Tuesday, 12 June 2007

Oh, Brother! Why Art Thou? or "Don't call me Nigga, Whitey"

Big Brother – it’s not so much, as Orwell predicted, that you can’t get away from his gaze, but rather that your gaze can’t escape him. I’ve never watched the programme, never bought into the chattering about the programme, try my darnedest to avoid reading about it, but the bloody thing is everywhere!

Those that respect the show more than I will no doubt tell you that it is a fantastic sociological study of modern folks obsession with fame – are we feeding the needs of the people on the programme to be famous, or are they feeding our need to cut the famous down? Perhaps it’s just cutting out the middlemen in the process of knocking the famous off their pedestals? Perhaps these cut rate performing monkey’s are making our real famous seem more idolistic? Perhaps it’s part of some great experiment, does fame occur because people are interested in someone, or are people morbidly interested in those who would do anything for fame?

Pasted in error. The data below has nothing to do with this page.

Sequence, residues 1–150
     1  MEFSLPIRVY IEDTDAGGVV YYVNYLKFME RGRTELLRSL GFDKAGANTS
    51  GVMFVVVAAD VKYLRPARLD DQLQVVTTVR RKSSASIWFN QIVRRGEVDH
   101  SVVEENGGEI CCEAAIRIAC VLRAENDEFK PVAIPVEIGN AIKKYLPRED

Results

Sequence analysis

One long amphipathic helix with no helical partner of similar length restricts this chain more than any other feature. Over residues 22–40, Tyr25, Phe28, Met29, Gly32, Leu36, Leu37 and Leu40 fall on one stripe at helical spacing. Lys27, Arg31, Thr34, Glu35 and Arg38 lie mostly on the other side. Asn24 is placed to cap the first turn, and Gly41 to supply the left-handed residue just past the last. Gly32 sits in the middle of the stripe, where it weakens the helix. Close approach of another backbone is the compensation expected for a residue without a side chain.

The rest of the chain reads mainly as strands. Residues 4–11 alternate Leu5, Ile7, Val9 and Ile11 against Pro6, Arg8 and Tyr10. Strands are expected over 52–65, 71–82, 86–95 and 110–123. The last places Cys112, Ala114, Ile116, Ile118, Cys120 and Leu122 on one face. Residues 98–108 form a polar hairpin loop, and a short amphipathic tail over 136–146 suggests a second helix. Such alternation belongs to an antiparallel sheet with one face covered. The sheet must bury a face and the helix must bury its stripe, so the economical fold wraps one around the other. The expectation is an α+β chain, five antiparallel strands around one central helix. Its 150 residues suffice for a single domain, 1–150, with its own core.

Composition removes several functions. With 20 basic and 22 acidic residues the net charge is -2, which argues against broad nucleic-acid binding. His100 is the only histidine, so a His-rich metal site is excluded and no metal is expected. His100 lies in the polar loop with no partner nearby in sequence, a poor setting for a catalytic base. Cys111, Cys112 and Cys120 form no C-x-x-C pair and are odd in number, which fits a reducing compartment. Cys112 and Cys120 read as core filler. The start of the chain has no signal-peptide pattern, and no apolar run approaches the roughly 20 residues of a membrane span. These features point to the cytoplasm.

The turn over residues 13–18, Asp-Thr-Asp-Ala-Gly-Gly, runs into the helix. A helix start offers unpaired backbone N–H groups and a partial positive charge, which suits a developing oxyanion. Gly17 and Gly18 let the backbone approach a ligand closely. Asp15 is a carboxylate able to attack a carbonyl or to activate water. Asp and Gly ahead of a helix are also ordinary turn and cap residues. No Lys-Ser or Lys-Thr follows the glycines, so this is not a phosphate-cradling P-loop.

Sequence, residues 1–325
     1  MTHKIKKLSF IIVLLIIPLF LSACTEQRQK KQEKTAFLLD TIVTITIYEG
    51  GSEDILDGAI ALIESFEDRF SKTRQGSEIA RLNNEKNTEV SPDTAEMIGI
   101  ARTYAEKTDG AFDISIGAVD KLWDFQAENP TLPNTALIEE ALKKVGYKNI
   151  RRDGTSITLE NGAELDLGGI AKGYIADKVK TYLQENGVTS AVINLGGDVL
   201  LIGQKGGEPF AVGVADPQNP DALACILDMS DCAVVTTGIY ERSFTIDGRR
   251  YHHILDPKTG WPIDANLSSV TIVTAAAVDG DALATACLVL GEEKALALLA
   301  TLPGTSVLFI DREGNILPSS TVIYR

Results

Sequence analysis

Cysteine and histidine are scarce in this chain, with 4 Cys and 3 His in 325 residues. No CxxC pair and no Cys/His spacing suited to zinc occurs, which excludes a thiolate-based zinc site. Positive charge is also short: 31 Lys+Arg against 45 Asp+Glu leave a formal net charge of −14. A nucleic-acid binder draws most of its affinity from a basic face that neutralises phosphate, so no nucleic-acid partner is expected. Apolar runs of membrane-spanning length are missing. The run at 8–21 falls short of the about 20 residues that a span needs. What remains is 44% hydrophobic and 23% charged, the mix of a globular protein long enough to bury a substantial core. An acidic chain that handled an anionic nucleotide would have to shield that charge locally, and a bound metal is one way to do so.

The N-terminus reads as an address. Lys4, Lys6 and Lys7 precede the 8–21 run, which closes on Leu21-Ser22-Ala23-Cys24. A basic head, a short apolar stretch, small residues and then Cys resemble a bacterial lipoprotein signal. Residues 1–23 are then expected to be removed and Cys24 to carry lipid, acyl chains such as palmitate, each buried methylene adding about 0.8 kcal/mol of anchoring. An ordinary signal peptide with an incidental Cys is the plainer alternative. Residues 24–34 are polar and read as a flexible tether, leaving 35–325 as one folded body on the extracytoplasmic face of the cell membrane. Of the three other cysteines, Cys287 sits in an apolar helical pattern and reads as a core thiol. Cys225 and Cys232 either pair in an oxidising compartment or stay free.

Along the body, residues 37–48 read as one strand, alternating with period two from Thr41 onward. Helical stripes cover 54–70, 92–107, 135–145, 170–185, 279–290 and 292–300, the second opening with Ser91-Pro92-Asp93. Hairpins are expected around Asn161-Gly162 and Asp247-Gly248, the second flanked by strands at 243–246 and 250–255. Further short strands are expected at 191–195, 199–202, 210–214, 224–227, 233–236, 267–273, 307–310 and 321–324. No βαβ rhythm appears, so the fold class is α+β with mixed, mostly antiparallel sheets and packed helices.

It’s been everywhere for the last week or so because two of the programmes contestants have been involved in what they are calling a ‘race row’. Even by the biggest stretch of ones imagination it is not a row. One of the dumb ones called another of the dumb ones a ‘nigger’ in a “playful manner”, and got kicked off of the programme for it. The intention behind the “outburst” (was it “nigger” or “nigga”?) aside, the chance for this supposedly sociologically strong show failed at an opportunity to ask some interesting questions about language, taboos and the nature of offensiveness.

C4 and all involved in the show seemed to miss the point of this, perhaps desperate to make it known, after a similar ‘race row’ in the Celebrity version earlier in the year, that they will not tolerate racism. But it failed to ask why someone could feel that using the N word in a jokey manner would be okay? In what context is using the word okay? Why do rappers and hip-hop folk throw the word around in an attempt to reclaim it? Is it okay to sing ‘nigger’ but not say it?

Instead they opted to throw the blonde one out to the wolves – a girl totally untrained in media relations when it came down to it, and quite frankly who wasn’t too bright – in an attempt to find a villain without asking why and how?

And now I, a non-interested non-viewer, find myself wasting 400 odd words on this pile of nonsense.

My proposal; if the show is supposed to be a true sociological study, then go for it – blast a siren out at some ungodly hour, lock the contestant in the house, play the sounds of bombs going off and people screaming for a few hours before cutting the power and surrounding the house in absolute silence. It would be at this point that my idea of Big Brother as a programme would begin.

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